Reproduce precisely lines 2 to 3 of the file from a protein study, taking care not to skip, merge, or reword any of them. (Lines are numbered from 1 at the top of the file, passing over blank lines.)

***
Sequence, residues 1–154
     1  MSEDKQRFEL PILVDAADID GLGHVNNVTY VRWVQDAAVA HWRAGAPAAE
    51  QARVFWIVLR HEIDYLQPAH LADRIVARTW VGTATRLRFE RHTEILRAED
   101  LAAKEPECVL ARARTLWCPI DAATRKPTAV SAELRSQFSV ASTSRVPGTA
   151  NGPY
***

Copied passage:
     1  MSEDKQRFEL PILVDAADID GLGHVNNVTY VRWVQDAAVA HWRAGAPAAE
    51  QARVFWIVLR HEIDYLQPAH LADRIVARTW VGTATRLRFE RHTEILRAED